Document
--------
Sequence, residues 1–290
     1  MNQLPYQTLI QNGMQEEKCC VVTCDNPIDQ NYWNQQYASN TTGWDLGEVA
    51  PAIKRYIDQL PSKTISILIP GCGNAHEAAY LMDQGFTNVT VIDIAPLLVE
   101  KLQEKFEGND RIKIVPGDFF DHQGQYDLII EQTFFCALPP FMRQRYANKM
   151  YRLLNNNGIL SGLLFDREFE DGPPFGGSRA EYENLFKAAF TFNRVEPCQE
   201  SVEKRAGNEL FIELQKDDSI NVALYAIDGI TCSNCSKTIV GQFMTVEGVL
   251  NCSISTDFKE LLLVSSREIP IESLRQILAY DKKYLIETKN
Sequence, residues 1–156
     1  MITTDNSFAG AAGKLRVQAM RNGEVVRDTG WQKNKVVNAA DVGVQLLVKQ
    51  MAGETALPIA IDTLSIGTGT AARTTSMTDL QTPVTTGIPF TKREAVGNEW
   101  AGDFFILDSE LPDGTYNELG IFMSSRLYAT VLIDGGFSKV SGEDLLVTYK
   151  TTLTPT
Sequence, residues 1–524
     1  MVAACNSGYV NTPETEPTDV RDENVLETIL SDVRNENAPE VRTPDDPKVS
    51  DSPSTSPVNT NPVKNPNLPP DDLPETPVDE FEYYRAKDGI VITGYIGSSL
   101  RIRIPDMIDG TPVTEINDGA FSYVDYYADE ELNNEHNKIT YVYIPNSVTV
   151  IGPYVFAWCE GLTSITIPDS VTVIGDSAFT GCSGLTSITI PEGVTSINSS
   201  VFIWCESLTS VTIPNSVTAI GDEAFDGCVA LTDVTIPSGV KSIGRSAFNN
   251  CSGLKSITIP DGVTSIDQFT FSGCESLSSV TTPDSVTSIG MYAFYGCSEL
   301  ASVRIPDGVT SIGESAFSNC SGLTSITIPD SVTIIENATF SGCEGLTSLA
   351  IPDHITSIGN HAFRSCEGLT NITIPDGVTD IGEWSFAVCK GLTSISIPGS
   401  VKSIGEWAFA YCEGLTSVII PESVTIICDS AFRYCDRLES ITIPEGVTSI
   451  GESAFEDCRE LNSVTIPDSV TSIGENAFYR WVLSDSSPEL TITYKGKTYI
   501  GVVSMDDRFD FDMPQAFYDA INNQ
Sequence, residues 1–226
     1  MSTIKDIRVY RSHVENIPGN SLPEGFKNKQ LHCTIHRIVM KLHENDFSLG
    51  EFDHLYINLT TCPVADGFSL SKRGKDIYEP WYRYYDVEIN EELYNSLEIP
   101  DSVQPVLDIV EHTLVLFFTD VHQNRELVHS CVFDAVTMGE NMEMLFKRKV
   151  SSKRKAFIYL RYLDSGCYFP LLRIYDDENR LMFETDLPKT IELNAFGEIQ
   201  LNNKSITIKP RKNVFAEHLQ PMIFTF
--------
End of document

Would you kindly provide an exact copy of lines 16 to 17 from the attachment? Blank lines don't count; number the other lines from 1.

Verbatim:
   101  RIRIPDMIDG TPVTEINDGA FSYVDYYADE ELNNEHNKIT YVYIPNSVTV
   151  IGPYVFAWCE GLTSITIPDS VTVIGDSAFT GCSGLTSITI PEGVTSINSS